It must be a bad state of affairs when you watch Watchdog and find yourself agreeing with the evil corporation and not the consumers. Maybe I have been running a company too long :-)
They were basically saying PS3s were dying, after warranty, and moaning that Sony wanted a fee to repair them.
Even if you go for the view that something like a PS3 should last more than a year the argument (any contract) is with the reseller. The reseller may well have a contract with Sony that says after a year they have to pay for repairs. The contract with the reseller may arguably not restrict working PS3s to only one year but that would be a separate argument. The end users have no contract with Sony and can, contractually, not expect anything at all from Sony, I am sure. If anyone should moan at Sony it would be the poor reseller stuck in the middle.
You would think Watchdog would know that - but instead they go around with PRAT (Playstation Repair Action Team, IIRC) and are repairing them. Agreed, some indication of a reflow issue and re-ovening the boards helped. Even so they admitted many that they apparently repaired then broke again. So great, if watchdog want to repair everyone's Sony PS3 for free, great. Oh, no? They have to pay the people that do the repair and maybe they don't want to fix thousands of out of warranty PS3s for free? (a tiny fraction of the number that have been sold)... Oh!
Maybe I am getting old, but they really missed the plot IMHO. And I am a big one on consumer rights. It is really strange disagreeing with Watchdog.
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Fellow ISP owner here but we rent L2TP backhaul from Entanet so don't deal directly with BT Wholesale... thankfully!ReplyDelete
I agree completely with all your BT posts but have to side with the consumers on this one.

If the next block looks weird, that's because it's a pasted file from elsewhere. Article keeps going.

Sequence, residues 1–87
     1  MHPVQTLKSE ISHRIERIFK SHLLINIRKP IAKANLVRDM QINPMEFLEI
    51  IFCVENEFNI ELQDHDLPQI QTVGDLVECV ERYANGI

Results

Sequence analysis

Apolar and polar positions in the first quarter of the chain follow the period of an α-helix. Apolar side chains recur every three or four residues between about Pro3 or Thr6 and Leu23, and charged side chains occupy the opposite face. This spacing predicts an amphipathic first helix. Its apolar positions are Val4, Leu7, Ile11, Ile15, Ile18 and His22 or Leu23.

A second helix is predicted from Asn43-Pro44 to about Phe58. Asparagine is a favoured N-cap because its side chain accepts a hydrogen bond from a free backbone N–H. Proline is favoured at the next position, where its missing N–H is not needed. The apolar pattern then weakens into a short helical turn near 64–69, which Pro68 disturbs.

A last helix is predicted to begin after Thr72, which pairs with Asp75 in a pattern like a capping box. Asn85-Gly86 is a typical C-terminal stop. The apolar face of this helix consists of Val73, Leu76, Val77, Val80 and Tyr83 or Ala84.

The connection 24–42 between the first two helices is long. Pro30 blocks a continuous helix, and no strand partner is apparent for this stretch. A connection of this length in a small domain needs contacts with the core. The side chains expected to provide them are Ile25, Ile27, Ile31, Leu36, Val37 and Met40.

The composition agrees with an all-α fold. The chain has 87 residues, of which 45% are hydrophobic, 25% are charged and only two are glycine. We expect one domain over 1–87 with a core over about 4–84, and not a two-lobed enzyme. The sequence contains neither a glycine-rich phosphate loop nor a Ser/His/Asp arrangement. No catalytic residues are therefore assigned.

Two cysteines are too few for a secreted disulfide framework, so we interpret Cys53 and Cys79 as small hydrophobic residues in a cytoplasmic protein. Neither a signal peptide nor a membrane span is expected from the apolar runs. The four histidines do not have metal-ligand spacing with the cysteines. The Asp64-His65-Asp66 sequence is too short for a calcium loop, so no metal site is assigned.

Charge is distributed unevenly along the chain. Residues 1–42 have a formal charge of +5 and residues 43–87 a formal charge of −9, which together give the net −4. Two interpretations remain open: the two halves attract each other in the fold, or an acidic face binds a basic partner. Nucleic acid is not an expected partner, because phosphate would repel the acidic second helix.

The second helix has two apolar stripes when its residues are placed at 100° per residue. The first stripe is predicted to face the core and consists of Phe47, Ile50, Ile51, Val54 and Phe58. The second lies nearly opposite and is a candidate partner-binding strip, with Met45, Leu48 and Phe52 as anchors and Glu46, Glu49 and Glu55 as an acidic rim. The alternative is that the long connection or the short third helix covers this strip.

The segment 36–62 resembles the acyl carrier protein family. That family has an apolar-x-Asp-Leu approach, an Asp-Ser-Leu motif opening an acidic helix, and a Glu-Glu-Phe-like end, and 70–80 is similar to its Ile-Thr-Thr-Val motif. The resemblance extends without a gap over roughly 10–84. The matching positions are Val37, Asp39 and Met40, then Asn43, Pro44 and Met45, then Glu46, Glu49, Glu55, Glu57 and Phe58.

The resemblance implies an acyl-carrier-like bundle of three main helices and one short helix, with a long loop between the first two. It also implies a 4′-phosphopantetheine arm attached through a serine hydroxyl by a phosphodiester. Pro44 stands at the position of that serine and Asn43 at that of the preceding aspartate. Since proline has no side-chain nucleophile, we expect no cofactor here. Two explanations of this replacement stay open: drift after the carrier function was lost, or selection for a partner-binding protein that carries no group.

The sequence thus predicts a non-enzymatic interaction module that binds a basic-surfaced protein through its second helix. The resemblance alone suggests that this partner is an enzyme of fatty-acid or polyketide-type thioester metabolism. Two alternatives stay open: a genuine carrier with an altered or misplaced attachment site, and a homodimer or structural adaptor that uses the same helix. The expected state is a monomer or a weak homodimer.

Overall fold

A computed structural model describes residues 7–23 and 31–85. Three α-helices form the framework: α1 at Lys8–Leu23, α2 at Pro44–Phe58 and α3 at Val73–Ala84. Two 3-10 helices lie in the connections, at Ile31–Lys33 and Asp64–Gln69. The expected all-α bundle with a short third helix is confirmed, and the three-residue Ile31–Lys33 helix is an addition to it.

Ever heard of bad caps ? (http://www.badcaps.net/pages.php?vid=4)
I have spent the last six months battling with Apple UK to have the logic board in an iMac G5 with leaking capacitors replaced due to them being sub-standard components - the machine was purchased in 2005.
Apple issued a free recall program in selected countries for the affected units but discontinued the UK one in December 2008 - can totally understand where all these disgruntled PS3 users are coming from.
Fortunately, the Sale and Supply of Goods Act in this country states that goods sold as new must be defect-free at the point of sale unless indicated otherwise; as long as the fault can be reasonably proved to be caused at the time of manufacture, you have up to five years or something like that to raise the issue with the manufacturer and it is their responsibility to repair or replace the item.
My issue with Apple was easy to prove as I still had a copy of the recall notice which listed my serial number within one of the range that was affected; that proved a manufacturing fault and the small claims court settled in my favour - so the law as it stands will protect consumers as long as the manufacturer can be proved to have been negligent.